Sewing, hand-stitching, laser cutting, heat formation, gardening


Spandex, satin, stretch neoprene, greenhouse plastic, Gila film, live plants


In the face of climate change, lifestyles will be fundamentally different, and humanity can no longer be entirely reliant on growable earth to sustain themselves


Anny Fan




A clothing line that visualizes this future; however, with pollution waging its war on impoverished populations, access to fertile soil will not be equitable

"The year 2268 marks two hundred and fifty years after this year’s Lunar Gala. After centuries of disastrous climate change, where rapid urbanization and pollution have distorted how we approach growth in an urban landscape, where do we stand? 2268 explores this inquisition from two perspectives. The first perspective captures extreme pollution and the second perspective explores hyper-fetishized sustainability practices -- where urbanization has gotten out of control and the soil has become infertile, forcing us to carry the food we need to eat. This dichotomy between these two perspectives highlight the deformation and exploitation of climate issues."


As my initial foray into the world of fashion design and sewing, I wanted to find ways to use my background in fabrication to provide a social commentary. I devised the concept for this line shortly after the announcement of the United States' withdrawal from the Paris Accord. As I begin to consider the consequences such a decision could have down the road, I began to think of the people who would be most affected. What would those people look like? What would they wear? How would they interface with their clothing? 

These questions began to find answers in the development of 2268, a clothing line that uses unconventional materials to provide insight towards what the world of fashion could look like in the year 2268. However, instead of arriving at a hyper-futuristic design, my partner and I explored how contemporary forms could evolve and become informed by the material at hand. What happens when we're left with too much plastic, that it becomes a factor in everything we use? What happens once we've ravaged our resources? What happens when our soil becomes infertile and improper for the growth of food? 2268 is a snapshot into the answers to these questions.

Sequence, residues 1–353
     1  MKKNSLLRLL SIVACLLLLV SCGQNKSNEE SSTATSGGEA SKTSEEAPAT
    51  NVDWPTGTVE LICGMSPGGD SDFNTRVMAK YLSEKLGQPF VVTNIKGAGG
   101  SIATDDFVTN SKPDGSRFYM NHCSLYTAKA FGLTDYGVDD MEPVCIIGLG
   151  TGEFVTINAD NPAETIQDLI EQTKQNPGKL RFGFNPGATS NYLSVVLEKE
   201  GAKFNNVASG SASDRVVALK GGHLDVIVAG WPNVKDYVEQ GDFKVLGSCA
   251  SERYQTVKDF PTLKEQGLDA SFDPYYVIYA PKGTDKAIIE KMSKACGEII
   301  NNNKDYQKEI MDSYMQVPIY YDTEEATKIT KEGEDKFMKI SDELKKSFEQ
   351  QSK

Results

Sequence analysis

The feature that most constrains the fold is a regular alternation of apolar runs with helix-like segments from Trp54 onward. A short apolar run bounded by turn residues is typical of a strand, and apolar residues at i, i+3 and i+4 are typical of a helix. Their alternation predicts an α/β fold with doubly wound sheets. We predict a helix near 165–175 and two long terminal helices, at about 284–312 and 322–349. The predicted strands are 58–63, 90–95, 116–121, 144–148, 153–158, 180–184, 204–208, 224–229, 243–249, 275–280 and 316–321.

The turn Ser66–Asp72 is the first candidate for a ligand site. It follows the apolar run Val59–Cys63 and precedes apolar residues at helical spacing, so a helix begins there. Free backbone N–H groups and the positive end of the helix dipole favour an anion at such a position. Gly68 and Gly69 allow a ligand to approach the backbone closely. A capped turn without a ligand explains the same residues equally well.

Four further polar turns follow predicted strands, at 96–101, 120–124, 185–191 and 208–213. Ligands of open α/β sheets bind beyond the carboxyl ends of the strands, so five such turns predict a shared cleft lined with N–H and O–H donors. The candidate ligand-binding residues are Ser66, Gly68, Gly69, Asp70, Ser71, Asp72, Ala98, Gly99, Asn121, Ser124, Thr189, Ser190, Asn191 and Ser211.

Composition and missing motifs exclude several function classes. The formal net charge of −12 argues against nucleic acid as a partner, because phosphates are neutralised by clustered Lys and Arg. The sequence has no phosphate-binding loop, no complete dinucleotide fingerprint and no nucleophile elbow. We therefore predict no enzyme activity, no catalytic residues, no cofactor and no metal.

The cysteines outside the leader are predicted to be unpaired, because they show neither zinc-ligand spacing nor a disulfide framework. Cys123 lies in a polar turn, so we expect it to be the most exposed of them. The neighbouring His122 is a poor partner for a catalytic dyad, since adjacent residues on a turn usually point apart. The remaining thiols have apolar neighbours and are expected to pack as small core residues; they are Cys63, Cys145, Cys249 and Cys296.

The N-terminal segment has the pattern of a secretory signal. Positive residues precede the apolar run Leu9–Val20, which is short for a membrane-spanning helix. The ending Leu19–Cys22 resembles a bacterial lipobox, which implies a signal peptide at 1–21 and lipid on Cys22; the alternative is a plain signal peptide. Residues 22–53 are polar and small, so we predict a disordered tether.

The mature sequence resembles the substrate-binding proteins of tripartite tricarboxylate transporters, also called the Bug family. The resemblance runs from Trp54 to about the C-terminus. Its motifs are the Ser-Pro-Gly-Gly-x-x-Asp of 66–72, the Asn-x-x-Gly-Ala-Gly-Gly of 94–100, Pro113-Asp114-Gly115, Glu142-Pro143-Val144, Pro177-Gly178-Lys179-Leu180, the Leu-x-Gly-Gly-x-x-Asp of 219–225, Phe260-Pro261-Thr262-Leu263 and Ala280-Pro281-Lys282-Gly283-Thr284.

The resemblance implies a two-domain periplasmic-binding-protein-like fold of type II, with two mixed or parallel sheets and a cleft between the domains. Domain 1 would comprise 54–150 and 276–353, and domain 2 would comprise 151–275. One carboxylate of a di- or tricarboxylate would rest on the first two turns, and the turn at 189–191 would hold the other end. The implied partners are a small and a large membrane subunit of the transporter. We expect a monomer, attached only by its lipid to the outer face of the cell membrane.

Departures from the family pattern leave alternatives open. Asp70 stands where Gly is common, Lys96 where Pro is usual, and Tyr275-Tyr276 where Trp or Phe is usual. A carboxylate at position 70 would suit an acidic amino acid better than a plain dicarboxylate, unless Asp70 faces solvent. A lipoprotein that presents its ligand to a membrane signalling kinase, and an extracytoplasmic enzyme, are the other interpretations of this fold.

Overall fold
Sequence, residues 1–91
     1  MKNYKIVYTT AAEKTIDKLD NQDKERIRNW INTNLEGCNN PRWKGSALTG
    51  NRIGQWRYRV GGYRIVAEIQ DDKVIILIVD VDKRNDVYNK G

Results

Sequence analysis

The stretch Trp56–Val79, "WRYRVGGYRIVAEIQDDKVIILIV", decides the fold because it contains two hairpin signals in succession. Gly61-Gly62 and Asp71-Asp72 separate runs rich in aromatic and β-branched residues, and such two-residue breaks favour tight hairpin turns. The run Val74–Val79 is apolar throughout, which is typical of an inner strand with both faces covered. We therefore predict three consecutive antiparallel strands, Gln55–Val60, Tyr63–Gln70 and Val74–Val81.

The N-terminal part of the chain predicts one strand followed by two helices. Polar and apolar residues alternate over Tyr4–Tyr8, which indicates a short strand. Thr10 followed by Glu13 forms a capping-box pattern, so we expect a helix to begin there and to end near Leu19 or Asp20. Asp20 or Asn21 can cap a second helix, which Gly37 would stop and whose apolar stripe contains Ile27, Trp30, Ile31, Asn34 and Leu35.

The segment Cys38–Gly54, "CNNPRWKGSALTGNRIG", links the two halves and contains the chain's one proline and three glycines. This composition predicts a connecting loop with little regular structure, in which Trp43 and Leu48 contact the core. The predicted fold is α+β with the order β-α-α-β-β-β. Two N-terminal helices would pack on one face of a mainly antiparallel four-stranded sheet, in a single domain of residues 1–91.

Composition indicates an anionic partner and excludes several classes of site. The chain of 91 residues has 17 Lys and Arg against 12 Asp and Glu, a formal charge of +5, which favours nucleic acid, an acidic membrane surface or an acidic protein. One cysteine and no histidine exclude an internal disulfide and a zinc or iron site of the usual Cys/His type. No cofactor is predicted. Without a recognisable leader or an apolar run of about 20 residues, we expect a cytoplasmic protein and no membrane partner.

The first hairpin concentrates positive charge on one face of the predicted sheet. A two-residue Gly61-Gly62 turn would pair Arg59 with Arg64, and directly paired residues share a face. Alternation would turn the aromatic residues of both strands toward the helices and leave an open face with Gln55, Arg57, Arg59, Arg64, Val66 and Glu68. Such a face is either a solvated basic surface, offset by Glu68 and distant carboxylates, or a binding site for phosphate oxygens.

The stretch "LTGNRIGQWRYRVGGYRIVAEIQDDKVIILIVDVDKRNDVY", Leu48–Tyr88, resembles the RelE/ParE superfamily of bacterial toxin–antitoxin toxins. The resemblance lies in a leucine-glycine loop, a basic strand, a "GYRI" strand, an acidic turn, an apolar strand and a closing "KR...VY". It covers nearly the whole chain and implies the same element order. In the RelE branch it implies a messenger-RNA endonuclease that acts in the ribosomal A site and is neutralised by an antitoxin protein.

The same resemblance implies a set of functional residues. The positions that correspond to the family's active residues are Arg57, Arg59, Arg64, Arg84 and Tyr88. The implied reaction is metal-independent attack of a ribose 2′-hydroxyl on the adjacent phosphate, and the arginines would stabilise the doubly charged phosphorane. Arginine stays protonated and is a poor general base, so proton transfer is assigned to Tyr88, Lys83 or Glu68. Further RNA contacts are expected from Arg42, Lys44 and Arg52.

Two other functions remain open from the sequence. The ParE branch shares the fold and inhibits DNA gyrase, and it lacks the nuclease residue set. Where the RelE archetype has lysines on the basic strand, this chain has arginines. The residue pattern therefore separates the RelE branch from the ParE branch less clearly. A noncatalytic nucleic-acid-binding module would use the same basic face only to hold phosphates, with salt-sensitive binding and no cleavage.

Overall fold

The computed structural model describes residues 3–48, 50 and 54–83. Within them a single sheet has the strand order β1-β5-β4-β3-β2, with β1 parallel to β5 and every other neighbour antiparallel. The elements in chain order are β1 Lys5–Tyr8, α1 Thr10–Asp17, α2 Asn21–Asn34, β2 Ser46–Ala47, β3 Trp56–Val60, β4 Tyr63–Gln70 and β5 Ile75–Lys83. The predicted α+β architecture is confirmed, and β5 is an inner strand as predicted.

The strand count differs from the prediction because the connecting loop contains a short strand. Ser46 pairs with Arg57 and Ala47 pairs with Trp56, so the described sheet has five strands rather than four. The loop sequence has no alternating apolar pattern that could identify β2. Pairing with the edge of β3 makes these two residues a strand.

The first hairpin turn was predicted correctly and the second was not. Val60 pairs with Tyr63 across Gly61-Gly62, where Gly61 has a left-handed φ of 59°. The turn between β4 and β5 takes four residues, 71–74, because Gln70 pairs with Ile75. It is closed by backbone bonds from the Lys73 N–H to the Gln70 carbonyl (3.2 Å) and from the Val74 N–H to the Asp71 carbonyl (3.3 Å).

The looks evolved continuously as we fed through the design and fabrication process. As the team member in charge of all of the plastic manipulations among other things, I began to think more about pollution as it is physically manifested. In the case above, I abstracted the idea of plastic soda can rings to use circles of varying sizes to convey an idea of perspective. Other looks saw complete overhauls from the original sketches. Some saw minor changes that came to be after we matched with our models and began to use them as muses for the looks. 

Creating 2268 was one of my most gratifying experiences at Carnegie Mellon. Coming in with minimal sewing experience and a definite lack of understanding of how clothing actually works, I learned an immense amount of information on how form works and moves. By thinking of clothing in a similar way to the way I think about user experience, I gained more of a footing in designing clothing. In the end, we achieved a clothing line that had a clear use and a clear misuse. By exploring that dichotomy, the line serves as an interesting way to unpack human nature - our tendencies to ravage and exploit, yet create and push on.